Procedure 60(b), Federal Rule of Criminal Procedure 52(b),
and the All Writs Act, 28 U.S.C. § 1651, as bases for
his motion. None of these statutes and rules provides a basis
for Clemmons’s motion. See Terrell v. United
States, 564 F.3d 442, 447 (6th Cir. 2009) (noting that
§ 2241 applies to claims against the prisoner’s
custodian challenging the execution or manner in which the
sentence is served, which must be filed in the district
having jurisdiction over the petitioner’s custodian);
United States v. Diaz, 79 Fed.Appx. 151, 152 (6th
Cir. 2003) (“A party may not seek relief from a
criminal sentence under Fed.R.Civ.P. 60(b), because Rule
60(b) is not applicable to criminal proceedings.”);
McCaskill v. United States, No. 02-80216-02, 2017 WL
3720459, at *2 (E.D. Mich. Aug. 28, 2017) (“Because
§ 2255 provides petitioner with the means to challenge
the constitutionality of his sentence, it is that statute,
and not the All Writs Act that provides the authority for
reviewing petitioner’s allegedly unconstitutional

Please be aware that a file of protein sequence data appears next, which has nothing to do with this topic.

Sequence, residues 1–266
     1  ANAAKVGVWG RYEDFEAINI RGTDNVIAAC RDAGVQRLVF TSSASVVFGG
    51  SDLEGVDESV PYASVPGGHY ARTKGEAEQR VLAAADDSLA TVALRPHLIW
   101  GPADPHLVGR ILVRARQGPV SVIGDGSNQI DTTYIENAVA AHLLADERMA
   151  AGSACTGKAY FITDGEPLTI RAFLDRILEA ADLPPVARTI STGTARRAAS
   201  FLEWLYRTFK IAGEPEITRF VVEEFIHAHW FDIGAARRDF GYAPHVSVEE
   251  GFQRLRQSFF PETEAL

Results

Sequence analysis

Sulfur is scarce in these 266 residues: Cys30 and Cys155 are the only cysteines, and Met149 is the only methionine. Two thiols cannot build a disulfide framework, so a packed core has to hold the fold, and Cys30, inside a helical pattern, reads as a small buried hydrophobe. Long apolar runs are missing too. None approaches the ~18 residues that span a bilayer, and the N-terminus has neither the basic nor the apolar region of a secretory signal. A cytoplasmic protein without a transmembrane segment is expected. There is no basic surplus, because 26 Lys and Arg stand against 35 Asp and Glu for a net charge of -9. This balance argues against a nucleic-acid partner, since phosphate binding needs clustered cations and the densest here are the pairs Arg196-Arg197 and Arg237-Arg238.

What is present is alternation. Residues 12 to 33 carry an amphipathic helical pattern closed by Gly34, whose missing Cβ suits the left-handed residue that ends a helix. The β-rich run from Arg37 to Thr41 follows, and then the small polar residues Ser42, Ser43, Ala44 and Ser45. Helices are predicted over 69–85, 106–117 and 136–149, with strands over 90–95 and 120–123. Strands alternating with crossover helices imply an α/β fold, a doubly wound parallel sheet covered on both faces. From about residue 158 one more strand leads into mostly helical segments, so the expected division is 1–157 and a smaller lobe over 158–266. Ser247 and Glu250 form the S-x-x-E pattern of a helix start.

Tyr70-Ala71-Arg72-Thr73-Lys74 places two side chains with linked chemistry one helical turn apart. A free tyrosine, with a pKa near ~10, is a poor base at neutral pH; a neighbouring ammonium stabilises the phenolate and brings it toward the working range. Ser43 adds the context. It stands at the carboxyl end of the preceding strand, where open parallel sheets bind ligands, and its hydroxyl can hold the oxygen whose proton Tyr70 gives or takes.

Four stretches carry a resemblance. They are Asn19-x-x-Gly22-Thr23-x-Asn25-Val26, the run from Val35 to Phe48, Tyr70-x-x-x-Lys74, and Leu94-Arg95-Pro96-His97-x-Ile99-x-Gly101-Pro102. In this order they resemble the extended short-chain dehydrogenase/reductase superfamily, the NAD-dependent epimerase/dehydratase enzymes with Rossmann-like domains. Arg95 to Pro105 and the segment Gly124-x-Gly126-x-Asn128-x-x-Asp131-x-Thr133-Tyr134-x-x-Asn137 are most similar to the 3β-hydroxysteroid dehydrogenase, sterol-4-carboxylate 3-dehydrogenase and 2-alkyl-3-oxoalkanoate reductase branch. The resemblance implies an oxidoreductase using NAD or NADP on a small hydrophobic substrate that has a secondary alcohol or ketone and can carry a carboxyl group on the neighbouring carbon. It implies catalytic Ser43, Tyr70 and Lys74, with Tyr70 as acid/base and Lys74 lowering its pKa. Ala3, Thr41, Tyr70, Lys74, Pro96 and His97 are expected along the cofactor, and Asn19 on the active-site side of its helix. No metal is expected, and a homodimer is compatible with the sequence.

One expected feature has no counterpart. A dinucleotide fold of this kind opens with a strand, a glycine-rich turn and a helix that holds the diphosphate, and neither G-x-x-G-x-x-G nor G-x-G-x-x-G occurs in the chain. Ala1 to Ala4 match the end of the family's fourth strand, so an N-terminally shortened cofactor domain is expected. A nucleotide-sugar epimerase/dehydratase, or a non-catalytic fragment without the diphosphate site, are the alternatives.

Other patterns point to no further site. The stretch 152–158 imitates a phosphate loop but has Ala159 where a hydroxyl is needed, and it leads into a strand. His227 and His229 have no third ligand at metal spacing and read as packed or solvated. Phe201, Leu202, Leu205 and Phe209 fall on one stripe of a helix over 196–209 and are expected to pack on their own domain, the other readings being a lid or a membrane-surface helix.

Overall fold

federal sentence.”). Moreover, Clemmons may not argue
that “§ 2255 relief is unavailable merely because
the limitations period has expired.” United States
v. Clark, No. 98-4213, 2000 WL 876760, at *1 (6th Cir.
June 23, 2000) (citing Charles v. Chandler, 180 F.3d
753, 758 (6th Cir. 1999)).
Clemmons does not argue that he is
entitled to equitable tolling based on “actual
innocence.” See McQuiggen v. Perkins, 569 U.S.
383, 133 S.Ct. 1924 (2013). To establish actual innocence,
“[t]he evidence must demonstrate factual innocence, not
mere legal insufficiency.” Patterson v.
Lafler, 455 Fed.Appx. 606, 609 (6th Cir. 2012) (citing
Bousley v. United States, 523 U.S. 614, 623, 118
S.Ct. 1604, 1611 (1998). Nothing in ...